However, the vast majority of large scale and parallel photonic ANN demonstrations are not standalone and autonomous. Most proof-of-concepts lack one or several of an ANN's constituents, require substantial involvement of a traditional computer in the creation of the ANN's state, are not parallel or run on substrates too exotic for realistic integration in mid-term technological platforms. Here, we address all these points and experimentally demonstrate a fully parallel photonic reservoir computer [17, 18] with 90 neurons that we train and operate in realtime with minimal interference from a control computer. Neurons are defined at periodic and adjacent spatial sampling positions across the complex multimode field of an injection locked large area vertical cavity surface emitting laser (LA-VCSEL). The LA-VCSEL has a diameter of ∼20 µm, lases around 920 nm and follows design principles developed for high bandwidth and high efficiency VCSEL arrays . It was fabricated via standard ultraviolet contact mask lithography, dry (inductively coupled plasma-reactive ion etching) mesa etching, and thin-film metal evaporation and lift-off methods in a university cleanroom [20, 21]. All the ANN's connections are implemented in photonic hardware. The complex transfer matrix of a multimode fiber (mm-fiber)  couples injected information, which is Boolean encoded on a DMD, to the LA-VCSEL. Intra-cavity fields and carrier diffusion intrinsic to LA-VCSELs recurrently connect the photonic neurons . Finally, trainable readout weights are encoded on a digital micro-mirror device (DMD)  which is imaged on a large-area detector to directly provide the ANN's computational result.
We operate our recurrent photonic ANN in its steady state, and its bandwidth is limited by the input DMD's frame rate to ∼130 inferences per second. However, such semiconductor lasers can be modulated extremely fast, often in excess of 20 GHz [20, 25], which therefore corresponds to the potential intrinsic speed of our system. We train the readout weights to perform 2-bit header recognition, a 2-bit XOR and 2-bit digital to analog conversion (DAC). For the 2-bit header recognition our systems achieves an excellent error rate smaller than 0.9 × 10−3, for the more demanding XOR it is still a respectable 2.9 × 10−2. Finally, the digital to analog conversion can be realized with a standard deviation of only 5.4 × 10−2. In this context it is important to highlight the fully analog nature of our photonic ANN.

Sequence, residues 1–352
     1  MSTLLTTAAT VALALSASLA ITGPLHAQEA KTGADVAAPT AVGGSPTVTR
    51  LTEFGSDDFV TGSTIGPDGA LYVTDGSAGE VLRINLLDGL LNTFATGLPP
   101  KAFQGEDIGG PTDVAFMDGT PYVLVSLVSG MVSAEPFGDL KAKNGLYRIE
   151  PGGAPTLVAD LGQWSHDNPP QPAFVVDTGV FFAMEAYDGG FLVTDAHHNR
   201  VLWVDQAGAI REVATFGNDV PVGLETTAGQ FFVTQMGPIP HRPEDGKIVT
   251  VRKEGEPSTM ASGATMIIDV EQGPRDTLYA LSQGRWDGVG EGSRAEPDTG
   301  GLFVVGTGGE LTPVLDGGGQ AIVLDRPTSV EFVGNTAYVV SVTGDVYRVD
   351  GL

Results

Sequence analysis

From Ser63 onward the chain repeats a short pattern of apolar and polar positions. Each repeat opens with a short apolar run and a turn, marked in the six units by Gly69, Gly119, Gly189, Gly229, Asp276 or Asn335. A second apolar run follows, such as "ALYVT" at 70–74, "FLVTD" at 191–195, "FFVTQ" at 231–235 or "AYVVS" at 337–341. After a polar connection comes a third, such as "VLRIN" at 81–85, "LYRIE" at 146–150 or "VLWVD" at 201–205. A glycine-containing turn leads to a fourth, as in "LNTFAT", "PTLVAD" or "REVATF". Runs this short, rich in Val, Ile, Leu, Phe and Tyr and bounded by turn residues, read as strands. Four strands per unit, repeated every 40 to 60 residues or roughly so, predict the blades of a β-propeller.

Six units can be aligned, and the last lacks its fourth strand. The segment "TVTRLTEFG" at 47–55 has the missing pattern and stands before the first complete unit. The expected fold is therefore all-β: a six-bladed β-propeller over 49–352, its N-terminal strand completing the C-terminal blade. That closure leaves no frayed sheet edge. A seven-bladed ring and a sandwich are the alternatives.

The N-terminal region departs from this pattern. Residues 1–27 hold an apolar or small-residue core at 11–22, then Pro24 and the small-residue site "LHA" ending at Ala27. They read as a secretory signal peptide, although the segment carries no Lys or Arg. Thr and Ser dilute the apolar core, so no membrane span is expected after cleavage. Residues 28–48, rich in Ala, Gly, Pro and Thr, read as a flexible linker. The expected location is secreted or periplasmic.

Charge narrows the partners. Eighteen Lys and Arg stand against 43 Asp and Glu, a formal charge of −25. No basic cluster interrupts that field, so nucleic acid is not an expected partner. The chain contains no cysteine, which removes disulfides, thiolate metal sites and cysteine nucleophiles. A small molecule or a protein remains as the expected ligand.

2. A photonic ANN in a complex and continuous nonlinear media
Parallelism in our photonic ANN is based on spatial mode multiplexing, and the correspondence between the ANN's conceptual sections and the relevant photonic hardware is schematically illustrated in figure 1(a). The collimated beam of a tunable external cavity laser (ECL, Toptica CTL 950) illuminates an area of DMDa (Vialux XGA 0.7" V4100) with a Gaussian cross-section of 90 pixels in diameter. A DMD comprises mirrors which can be discretely switched between ±12∘, but only mirrors in −12∘ orientation inject information into the ANN. Input information is therefore a Boolean matrix. Within the illuminated area we define a ring that is constantly active. This DC-locking signal stabilises the LA-VCSEL's potentially autonomous free-running dynamics and hence allows consistency of response . Inside the remaining illuminated area we define n sub-sections, much like wedges of a pie, with which we encode input information for digit d in an n-bit binary representation.
In figure 1(a), input information corresponds to injecting digit d = 9 in a n = 4 bit representation. The spatially-modulated beam is collected by a mm-fiber that implements complex input weights through optical mode mixing induced by birefringence and scattering . Based on the fiber's V number, we approximate that our input fiber supports between 30 and 40 modes, i.e. an input matrix of equal size.
The near-field at the mm-fiber's output facet is injected into the LA-VCSEL. Semiconductor lasers react highly nonlinearly to optical injection, and previously we showed that this nonlinear response can be harvested to implement the nonlinear nodes of an ANN [26, 27]. The feasibility of this concept was shown numerically for 33 GHz . However, here each neuron is physically implemented in parallel via the LA-VCSEL's complex and high-dimensional multimode field. Optical diffraction of the LA-VCSEL's intra-cavity field as well as carrier diffusion induce interactions between different locations, i.e. coupling between our photonic nodes . Dynamics induced by optical injection are governed by an equation of the type